Paragons of Fashion: Early Nineteenth Century Japanese Woodblock Prints of Beauties


Keisai Eisen (1790-1848), Geisha Looking at Her Reflection in a Hand Mirror, early-mid 1830s, woodblock print, ink and color on paper, vertical oban diptych (kakemono-e); John Chandler Bancroft Collection, 1901.257

September 15, 2007 - March 2, 2008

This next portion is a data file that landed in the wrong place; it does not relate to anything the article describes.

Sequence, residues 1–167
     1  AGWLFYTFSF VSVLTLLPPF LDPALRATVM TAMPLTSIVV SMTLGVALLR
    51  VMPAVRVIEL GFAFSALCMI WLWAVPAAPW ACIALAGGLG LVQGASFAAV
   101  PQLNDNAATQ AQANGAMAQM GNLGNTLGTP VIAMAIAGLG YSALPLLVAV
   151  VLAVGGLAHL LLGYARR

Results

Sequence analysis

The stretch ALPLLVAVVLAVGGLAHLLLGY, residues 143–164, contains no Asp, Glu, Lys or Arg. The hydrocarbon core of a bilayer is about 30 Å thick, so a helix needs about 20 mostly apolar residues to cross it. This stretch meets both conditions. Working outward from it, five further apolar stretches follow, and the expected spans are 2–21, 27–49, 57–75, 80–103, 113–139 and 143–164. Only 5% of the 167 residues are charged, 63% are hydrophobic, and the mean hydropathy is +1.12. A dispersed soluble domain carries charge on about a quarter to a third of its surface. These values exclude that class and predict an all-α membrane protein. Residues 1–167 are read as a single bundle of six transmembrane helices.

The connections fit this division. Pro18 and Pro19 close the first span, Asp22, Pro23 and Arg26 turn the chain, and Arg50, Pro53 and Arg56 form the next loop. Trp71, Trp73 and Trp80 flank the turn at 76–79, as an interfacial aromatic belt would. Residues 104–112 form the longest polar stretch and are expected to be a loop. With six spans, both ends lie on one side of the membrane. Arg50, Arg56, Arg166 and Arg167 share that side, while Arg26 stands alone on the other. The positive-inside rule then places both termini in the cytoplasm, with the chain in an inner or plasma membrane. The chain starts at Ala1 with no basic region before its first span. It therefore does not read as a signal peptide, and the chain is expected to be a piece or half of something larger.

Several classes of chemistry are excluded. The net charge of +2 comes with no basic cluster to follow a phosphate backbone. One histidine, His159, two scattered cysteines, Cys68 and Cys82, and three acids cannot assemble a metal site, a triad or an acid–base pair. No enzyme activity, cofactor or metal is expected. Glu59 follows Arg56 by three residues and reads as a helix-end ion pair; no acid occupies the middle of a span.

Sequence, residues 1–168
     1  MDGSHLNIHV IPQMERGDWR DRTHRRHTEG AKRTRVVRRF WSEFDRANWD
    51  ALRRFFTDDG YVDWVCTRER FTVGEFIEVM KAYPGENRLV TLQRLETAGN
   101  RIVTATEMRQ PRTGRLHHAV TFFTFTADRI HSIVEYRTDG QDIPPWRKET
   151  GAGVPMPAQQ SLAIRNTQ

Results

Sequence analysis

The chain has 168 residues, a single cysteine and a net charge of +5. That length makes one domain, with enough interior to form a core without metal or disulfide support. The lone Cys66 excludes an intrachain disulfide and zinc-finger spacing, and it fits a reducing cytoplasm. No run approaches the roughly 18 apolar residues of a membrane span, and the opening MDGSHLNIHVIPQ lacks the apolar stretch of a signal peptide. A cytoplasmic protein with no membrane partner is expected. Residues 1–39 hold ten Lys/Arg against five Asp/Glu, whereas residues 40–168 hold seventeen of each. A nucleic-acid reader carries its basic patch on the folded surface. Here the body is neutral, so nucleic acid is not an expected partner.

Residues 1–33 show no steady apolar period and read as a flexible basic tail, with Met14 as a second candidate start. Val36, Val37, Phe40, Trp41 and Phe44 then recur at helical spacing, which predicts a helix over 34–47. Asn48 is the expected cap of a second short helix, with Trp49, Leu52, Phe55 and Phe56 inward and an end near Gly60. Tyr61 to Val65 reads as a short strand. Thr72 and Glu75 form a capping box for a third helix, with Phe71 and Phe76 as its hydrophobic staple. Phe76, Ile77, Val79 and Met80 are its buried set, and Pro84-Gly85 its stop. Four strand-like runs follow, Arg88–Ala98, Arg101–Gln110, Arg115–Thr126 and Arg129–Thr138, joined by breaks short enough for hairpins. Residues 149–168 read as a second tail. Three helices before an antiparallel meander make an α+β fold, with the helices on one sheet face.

Prints of famous courtesans and geisha of the pleasure quarters, which first became popular in the early 18th century, were purchased by the fashion-conscious and pleasure-seeking public of the “floating world” (ukiyo) of Edo (present-day Tokyo. Stimulating local trade these bijin-ga (pictures of beautiful women) showed beauties modeling the latest hairstyles, accessories, make-up and textile designs. The tastes of pivotal artists and popular actors as well as changes in the societal conception of femininity continued to have an impact on fashion. The artists Toyokuni I, Shunsen, Eizan, Eisen and Kunisada, featured in this exhibition, developed and spearheaded the bijin-ga tradition during the first three decades of the 19th century. The women in their prints are often posed with slightly bent backs and knees, and dressed in lavishly decorated kimono and costly hair ornaments. Brighter colors, including the imported “Berlin blue” (widely used after 1829), and the frequent use of a vertical diptych-sheet format that could be mounted onto hanging scrolls, also served to infuse their works with stylishness.



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